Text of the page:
Supporters of bilingual education filed suit in federal court to block a provision of Proposition 227, the voter-approved initiative requiring all students to be taught in English.
The lawsuit filed Thursday seeks to overturn a part of Prop. 227 that holds teachers, administrators and school board members “personally liable for fees and actual damages” in case of a civil lawsuit by parents.
“Proposition 227 hangs over teachers’ heads like the Sword of Damocles,” said Carole Shields, president of Washington, D.C.-based People For the American Way Foundation, which is co-counsel in the lawsuit. “We should all be horrified that teachers might be forced to lose their jobs, sacrifice their families and even have their homes taken away.”
Ron Unz, the Silicon Valley entrepreneur who wrote Prop. 227, called the filing Thursday, “a bit strange.”
“If teachers obey the law, nothing will happen to them,” Unz said. “They only face risk if they willfully and repeatedly violate the law. Individuals who refuse to obey other laws certainly face consequences.”
Unz pointed out that a federal judge had refused in July to block implementation of Prop. 227, approved by 61 percent of voters June 2. The law abolished most bilingual education programs for California’s 1.4 million children who speak little or no English. It replaced such programs with English-only instruction.
“It’s not clear that these arguments are any different than those raised before,” Unz said, referring to the previous suit, an appeal of which is pending. “I guess they feel if they repeat the same argument enough times, they’ll eventually find a judge who will agree with them.”
Plaintiffs in the suit, however, say the proposition is not clearly defined. They point to wording in the law stating that classroom instruction must be “overwhelmingly in English,” but without an explanation of “overwhelmingly” constitutes.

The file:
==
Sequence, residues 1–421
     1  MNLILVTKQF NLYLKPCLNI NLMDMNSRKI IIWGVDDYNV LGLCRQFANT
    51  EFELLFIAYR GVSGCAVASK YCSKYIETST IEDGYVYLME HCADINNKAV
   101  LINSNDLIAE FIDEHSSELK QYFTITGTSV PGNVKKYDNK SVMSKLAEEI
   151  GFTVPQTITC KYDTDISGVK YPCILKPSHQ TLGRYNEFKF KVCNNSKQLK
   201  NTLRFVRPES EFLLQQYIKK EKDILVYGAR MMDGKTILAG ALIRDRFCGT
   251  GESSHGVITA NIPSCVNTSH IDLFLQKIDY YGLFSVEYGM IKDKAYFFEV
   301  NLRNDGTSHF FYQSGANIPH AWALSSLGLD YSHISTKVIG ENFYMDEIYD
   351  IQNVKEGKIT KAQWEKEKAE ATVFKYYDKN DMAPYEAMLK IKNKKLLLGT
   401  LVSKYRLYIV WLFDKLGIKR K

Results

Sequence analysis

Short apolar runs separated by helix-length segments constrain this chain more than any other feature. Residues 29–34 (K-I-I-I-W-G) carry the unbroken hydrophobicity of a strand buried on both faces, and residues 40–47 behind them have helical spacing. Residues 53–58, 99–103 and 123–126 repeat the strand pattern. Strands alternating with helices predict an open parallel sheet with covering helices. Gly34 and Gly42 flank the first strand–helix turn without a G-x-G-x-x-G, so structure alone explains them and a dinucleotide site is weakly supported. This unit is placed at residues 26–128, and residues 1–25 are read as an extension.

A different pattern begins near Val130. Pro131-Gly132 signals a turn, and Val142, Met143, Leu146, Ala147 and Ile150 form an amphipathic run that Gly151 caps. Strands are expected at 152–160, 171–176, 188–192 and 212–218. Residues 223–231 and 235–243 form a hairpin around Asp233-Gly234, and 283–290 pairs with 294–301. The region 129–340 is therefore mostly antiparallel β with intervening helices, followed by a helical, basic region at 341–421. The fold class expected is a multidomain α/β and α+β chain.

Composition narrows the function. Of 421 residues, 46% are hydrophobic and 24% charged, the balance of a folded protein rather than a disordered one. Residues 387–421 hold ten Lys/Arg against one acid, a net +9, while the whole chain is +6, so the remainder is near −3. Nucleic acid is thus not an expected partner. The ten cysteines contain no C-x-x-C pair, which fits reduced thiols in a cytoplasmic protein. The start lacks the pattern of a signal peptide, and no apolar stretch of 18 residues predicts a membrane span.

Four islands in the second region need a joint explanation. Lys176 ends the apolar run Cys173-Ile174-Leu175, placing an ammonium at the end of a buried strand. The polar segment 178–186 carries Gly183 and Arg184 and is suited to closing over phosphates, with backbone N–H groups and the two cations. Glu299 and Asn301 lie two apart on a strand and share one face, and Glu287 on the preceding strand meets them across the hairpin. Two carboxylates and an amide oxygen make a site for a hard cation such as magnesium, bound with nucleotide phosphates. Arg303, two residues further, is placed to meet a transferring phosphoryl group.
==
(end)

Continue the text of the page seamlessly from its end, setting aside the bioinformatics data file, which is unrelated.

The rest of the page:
Tim O’Brien, deputy director of the People for the American Way Foundation’s California office, said the plaintiffs in the suit are not attempting to argue the merits of Prop. 227. Instead, he said, teachers need clear standards on how the statute should be implemented, and need to know that if they make a mistake, they will not face “potentially devastating lawsuits.”
Unz, however, said it was unlikely teachers would be penalized.
“We really have always felt the most appropriate targets of our action would be the senior administrators and elected officials of schools that are not complying with the law,” Unz said.
Other plaintiffs in the suit, filed in U.S. District Court for the Central District of California, include the California Teachers Association, the Association of California School Administrators, the Association of Mexican-American Educations and the National Association of Bilingual Educators.
The California Federation of Teachers, which is not a plaintiff, also asserts that Prop. 227 is ambiguously written and poses a risk to teachers.
“I think folks who have been looking for vulnerabilities in 227 have found it in this provision,” said Mary Bergan, head of the 55,000-member CFT. “People have questions about what “overwhelmingly’ means. But we’ve been telling our folks to be very familiar with the law, and obey it.”